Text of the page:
In a strange and remarkable replay of the controversial one-day special legislative session that took place one year ago last week, the North Carolina General Assembly passed legislation today in a matter of hours that purports to repeal HB2 – the state’s infamous LGBTQ discrimination law.
About 12 hours after Democratic Gov. Roy Cooper and Republican legislative leaders reached a compromise to repeal House Bill 2 late Wednesday (March 29), the legislation was speeding through its lone committee hearing, and it has cleared the Senate and the House by mid-afternoon Thursday (March 30). Cooper then quickly signed the bill into law.
Rev. William Barber of the North Carolina NAACP expressed criticisms in a damning statement before the bill was signed into law today:
“HB2 must be repealed in full. This bill is anti-worker, anti-access to the courts, and anti-LGBTQ. It is shameful for Tim Moore and Phil Berger to demand a discriminatory compromise on a bill that should have never been passed in the first place. Setting a moratorium on local government’s ability to pass anti-discrimination ordinances and to regulate private employment practices is another sweeping act of hubris by the legislature and takes power from officials elected by the people to serve the rights of the people. This is a bait and switch. We fought against this tactic when this same legislature sought to strip power from the Governor–disregarding their constitutional obligations in an effort to silence the voice of the voters. We will continue to fight against retaliatory voter suppression, anti-worker legislation, and any backroom efforts to enshrine discrimination in our laws. Above all, any moratorium on civil rights is not a compromise; it is a contradiction with the principle of equal protection under the law and our moral values. We call on all those who stand for justice to vote no on compromise and pass a clean, full repeal of HB2.”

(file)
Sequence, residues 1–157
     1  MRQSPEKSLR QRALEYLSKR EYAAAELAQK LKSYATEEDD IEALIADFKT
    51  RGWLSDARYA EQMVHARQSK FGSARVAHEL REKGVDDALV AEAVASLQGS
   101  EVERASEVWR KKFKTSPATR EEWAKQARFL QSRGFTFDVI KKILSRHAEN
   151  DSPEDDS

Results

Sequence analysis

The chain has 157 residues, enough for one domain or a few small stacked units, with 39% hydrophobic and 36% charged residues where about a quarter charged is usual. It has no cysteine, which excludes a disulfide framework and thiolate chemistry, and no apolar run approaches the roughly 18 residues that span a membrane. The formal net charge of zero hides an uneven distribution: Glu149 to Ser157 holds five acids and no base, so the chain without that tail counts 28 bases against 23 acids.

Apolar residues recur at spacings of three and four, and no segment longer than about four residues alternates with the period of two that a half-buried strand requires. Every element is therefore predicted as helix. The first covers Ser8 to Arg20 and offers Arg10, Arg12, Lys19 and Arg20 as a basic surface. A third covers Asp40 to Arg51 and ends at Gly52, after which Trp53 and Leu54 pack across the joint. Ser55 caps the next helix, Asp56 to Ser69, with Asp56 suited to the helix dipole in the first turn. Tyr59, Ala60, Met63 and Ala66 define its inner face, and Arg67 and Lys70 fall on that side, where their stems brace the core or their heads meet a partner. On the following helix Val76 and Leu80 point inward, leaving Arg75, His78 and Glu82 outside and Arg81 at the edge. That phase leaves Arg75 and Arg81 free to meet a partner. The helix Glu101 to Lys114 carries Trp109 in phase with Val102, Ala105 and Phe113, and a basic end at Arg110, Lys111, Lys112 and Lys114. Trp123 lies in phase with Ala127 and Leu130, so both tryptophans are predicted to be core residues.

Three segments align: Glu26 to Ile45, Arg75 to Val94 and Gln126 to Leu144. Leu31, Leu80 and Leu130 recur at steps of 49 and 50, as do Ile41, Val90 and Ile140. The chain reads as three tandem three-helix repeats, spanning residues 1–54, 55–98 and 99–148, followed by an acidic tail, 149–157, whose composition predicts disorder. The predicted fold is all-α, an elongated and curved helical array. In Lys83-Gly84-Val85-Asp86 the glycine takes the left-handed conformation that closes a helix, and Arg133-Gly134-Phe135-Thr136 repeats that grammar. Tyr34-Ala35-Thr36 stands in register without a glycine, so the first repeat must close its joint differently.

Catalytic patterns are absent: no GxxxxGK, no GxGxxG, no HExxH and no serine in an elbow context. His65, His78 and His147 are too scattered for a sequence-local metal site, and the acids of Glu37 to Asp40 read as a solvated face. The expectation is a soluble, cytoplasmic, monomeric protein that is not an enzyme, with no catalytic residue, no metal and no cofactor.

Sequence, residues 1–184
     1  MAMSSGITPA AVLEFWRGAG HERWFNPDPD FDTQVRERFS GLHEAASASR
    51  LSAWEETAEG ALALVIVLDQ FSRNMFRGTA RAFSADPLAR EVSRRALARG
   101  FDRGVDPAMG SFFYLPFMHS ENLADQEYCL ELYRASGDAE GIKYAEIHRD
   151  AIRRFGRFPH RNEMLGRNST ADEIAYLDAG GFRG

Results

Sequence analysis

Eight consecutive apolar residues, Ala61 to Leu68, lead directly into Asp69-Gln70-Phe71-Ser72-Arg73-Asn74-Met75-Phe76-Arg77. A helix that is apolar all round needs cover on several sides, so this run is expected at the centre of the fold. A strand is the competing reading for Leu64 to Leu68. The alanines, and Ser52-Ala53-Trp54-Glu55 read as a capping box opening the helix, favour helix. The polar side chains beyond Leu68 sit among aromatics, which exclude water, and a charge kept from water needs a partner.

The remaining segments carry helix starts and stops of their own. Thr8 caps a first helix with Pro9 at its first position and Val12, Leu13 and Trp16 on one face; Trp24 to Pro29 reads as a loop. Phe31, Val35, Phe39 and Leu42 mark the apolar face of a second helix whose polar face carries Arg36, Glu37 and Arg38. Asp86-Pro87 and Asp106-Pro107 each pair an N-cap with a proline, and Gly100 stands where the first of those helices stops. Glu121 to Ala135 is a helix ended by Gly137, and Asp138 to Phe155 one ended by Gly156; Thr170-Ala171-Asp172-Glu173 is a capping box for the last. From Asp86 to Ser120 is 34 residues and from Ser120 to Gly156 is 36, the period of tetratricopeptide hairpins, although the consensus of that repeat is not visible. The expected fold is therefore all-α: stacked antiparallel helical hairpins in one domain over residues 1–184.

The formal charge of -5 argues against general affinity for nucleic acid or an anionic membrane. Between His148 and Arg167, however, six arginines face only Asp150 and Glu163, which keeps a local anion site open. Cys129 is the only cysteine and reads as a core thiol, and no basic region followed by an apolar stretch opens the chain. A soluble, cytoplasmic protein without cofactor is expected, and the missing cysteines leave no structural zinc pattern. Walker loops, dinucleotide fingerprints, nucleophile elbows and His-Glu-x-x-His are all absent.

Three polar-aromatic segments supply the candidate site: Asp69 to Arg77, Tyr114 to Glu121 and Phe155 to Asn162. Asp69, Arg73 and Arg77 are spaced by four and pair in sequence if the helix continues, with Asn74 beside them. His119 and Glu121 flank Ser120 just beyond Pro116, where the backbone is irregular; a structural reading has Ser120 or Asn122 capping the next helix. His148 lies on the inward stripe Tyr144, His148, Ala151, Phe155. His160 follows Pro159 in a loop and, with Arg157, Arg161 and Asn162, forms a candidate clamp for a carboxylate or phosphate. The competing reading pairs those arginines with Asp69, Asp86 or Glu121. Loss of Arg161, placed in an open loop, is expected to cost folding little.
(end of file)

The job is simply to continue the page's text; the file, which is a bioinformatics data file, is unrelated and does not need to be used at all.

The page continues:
State lawmakers passed House Bill 2 to nullify a Charlotte ordinance that required businesses to allow transgender people to use the public bathroom of their choice. The state law said private entities could set their own bathroom access rules and required that people use bathrooms in schools and other government buildings that match the gender listed on their birth certificates.
The law, which also created a statewide nondiscrimination policy that excluded gay and transgender people and barred cities and counties from extending such protections to them, brought nationwide scorn on the state. Businesses scrapped expansion plans, conventions were moved elsewhere, concerts were canceled and the NBA, the NCAA and the Atlantic Coast Conference all shifted events out of North Carolina.
Under the terms of the new legislation, which was only formally made public for the first time this morning in a hastily organized meeting of the Senate Rules Committee, the state law established by HB2 is officially repealed. The new bill, however, also goes on to make three additional changes to state statutes that equality and civil rights advocates and other observers quickly and loudly condemned as a betrayal.
Section 2 of the bill specifies that the General Assembly explicitly preempts the field of regulating access to multiple occupancy restrooms, showers and changing facilities. What this means is that local governments and other public entities (like the university system) are specifically barred from enacting transgender equity ordinance and rules without the legislature’s approval. As a practical matter, this provision reiterates and reinstates one of the central prohibitions of HB2.
Section 3 of the bill makes clear that no local governmental body in the state can “enact or amend any ordinance regulating private employment practices or regulating private accommodations.” Section 4 of the bill then goes on to make clear that Section 3 will remain in effect until December 1, 2020.
What these latter two sections appear to mean in tandem is that there is a moratorium for the next three years and eight months on any local government passing any ordinance that provides protection to LGBTQ people when it comes to private employment or public accommodations.
As a result, LGBTQ people in North Carolina can still be fired or denied service by private sectors because of who they are and no local government can do anything about it until the end of the year 2020.